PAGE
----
So It Goes, Part 25: Let’s Dance

September 30th, 2009

We danced the suburban ballet. We twirled cans of peas, we used our shovels as swords. We drove our cars in circles like so many dancers. The men juggled wrenches and hammers, the women spoons and stenographers’ pens. What was the music to which we danced? Ah, that’s the surprise: we each danced to the music we chose to plug directly into our ears. We chose our own soundtrack. We moved in our own orbits and only occasionally did we collide and move in unison.

In the suburbs in the middle of America, you never had to be alone for a moment, and you never had a moment’s silence. Think of the shepherds on the high mountains of Pakistan, the pilgrims prostrating themselves over and over on the way to Mount Kailash, the elderly ones around a campfire in Central America, with only the wind and the birds and the trees providing background sound. They move with the rhythms and sounds of the earth.

Here, we created our own sounds and rhythms. We need have nothing to do with the earth and sky and rain and sun. We lived in boxes, we traveled in metal containers rolling on wheels. There was my sister, holding her shiny chrome Emerson transistor radio to her ear, listening to Queen singing Bohemian Rhapsody. My father drove down Mannheim Road, one arm draped over the back of the long bench front seat, one finger on the wheel, humming to 101 Strings playing a symphonic version of Come Fly with Me. My brother sat with his high school friends in Barnaby’s Pizza, listening to REO Speedwagon. My mother, in the kitchen, had the AM newsradio on and the phone cradled between her shoulder and ear, talking to her sister. I lay on my bed, my Koss headphones with the water-filled earcups cradling my head like two hands, listening to the Beatles White Album, and my favorite song, Yer Blues:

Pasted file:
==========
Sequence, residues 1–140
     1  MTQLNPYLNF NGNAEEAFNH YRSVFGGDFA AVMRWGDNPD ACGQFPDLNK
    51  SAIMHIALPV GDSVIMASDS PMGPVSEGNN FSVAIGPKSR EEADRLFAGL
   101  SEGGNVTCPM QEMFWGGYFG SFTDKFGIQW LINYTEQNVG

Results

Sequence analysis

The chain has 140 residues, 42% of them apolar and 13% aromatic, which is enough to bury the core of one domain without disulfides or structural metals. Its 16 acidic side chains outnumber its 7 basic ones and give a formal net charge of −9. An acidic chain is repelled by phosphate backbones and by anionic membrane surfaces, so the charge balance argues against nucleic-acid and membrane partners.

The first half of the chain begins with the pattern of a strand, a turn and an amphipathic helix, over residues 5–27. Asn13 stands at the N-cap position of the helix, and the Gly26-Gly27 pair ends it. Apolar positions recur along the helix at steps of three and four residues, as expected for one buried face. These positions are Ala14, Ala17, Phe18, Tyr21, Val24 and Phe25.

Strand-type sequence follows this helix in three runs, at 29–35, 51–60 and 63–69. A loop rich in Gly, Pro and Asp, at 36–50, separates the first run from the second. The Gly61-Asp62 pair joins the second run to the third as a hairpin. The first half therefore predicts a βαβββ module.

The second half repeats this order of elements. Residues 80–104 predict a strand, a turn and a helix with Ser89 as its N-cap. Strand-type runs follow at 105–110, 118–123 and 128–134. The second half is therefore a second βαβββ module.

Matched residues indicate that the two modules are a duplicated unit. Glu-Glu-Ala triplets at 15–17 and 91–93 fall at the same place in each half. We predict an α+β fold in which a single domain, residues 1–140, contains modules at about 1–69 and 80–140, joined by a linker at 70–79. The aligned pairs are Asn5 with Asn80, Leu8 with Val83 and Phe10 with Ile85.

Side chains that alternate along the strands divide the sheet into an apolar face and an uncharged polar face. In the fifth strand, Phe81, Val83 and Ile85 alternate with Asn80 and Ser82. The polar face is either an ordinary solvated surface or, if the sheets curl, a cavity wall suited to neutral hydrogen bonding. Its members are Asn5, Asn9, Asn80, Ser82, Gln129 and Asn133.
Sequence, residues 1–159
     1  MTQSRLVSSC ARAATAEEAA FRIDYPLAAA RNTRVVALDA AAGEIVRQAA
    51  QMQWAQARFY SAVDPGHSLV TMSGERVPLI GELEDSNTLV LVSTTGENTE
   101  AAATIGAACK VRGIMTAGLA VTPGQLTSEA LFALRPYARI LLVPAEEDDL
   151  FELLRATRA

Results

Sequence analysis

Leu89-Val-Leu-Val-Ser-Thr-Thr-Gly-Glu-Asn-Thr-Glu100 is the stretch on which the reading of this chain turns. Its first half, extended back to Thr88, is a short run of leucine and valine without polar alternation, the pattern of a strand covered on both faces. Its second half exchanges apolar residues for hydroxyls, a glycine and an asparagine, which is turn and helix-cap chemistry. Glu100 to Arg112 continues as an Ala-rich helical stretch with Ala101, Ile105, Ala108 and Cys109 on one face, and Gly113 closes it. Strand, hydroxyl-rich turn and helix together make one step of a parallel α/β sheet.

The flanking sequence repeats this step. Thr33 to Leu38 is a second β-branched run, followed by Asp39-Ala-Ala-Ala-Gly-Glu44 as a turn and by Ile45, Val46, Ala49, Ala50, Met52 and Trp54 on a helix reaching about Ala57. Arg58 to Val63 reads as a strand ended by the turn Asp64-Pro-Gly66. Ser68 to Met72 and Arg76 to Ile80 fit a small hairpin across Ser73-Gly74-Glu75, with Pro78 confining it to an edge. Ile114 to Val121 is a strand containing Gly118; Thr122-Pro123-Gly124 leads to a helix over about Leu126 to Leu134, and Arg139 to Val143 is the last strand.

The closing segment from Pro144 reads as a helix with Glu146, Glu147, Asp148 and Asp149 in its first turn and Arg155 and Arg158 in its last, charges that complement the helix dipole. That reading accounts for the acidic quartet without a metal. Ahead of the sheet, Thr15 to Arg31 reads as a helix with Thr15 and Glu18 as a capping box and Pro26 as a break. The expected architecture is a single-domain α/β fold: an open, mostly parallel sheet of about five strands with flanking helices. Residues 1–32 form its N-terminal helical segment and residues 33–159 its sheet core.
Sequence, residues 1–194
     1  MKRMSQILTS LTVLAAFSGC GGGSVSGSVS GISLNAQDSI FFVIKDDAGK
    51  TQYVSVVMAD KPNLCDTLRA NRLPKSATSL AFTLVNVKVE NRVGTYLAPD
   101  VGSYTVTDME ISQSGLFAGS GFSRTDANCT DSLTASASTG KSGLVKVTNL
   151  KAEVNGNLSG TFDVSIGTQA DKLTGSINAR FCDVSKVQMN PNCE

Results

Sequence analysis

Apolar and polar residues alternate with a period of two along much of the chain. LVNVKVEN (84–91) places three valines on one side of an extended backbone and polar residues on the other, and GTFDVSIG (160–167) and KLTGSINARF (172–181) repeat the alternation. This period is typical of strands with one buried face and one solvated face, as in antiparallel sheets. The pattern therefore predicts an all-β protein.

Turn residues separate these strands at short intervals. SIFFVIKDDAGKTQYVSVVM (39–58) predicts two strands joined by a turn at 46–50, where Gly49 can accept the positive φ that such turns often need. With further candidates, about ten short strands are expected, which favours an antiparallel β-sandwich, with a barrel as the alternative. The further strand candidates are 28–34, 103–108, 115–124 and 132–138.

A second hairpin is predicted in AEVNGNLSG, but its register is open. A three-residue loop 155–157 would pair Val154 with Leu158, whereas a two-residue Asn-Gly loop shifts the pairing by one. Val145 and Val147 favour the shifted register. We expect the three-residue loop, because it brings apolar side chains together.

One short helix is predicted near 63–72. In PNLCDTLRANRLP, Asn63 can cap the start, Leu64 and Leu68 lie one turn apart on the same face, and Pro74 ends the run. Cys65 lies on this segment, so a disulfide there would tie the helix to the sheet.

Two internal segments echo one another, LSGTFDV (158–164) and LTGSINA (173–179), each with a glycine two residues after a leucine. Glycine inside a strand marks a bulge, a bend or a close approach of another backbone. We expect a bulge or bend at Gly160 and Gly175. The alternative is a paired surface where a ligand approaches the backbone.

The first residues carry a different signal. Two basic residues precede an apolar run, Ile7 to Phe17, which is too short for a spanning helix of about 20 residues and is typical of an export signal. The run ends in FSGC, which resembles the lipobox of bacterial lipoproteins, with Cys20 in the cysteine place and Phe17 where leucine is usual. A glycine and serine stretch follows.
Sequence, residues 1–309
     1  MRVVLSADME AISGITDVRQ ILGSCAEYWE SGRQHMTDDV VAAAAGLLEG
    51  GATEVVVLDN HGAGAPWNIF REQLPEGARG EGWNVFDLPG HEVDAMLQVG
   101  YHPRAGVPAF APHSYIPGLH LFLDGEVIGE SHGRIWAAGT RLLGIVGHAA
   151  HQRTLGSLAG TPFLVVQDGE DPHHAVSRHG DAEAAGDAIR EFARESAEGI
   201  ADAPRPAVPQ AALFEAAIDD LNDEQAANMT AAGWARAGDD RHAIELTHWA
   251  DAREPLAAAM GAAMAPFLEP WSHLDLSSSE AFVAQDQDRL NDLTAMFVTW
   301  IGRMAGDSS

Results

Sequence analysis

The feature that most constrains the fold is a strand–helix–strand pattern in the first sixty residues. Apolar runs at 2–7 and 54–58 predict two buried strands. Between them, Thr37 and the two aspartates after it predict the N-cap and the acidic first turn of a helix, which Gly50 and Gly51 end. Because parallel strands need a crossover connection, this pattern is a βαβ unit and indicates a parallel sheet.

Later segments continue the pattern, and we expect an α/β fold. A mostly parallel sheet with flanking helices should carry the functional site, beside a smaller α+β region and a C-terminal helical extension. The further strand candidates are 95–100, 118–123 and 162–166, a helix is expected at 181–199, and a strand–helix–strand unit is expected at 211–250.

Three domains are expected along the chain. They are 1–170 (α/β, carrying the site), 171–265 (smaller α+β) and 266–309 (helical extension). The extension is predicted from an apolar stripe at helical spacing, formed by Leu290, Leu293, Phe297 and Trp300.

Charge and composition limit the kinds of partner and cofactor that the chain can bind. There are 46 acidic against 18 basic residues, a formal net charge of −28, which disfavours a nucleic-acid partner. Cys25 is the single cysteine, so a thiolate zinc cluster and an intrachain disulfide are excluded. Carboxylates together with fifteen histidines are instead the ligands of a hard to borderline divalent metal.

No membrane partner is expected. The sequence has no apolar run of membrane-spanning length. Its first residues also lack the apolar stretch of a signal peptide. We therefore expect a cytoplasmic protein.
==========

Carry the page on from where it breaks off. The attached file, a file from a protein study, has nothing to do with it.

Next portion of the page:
Yes I’m lonely
Wanna die
If I ain’t dead already
Girl you know the reason why.

Unlike the Rootweavers, we had no mind-to-mind connection. We generated our own thoughts, made up own stories, lived out our own dramas. Even when we turned off our music and talked to one another, the sounds kept playing inside our heads, distracting us. During my awkward conversation with the young woman I had met on the train, I had to keep asking her what she had just said. I could barely concentrate. I somehow worked up enough courage to ask her out for pizza, and she said yes. Then the music built to a crescendo. I went off to my job at the drugstore, dancing through the living room unnoticed by my sister and mother, who were listening to their own music, living through their own dramas.

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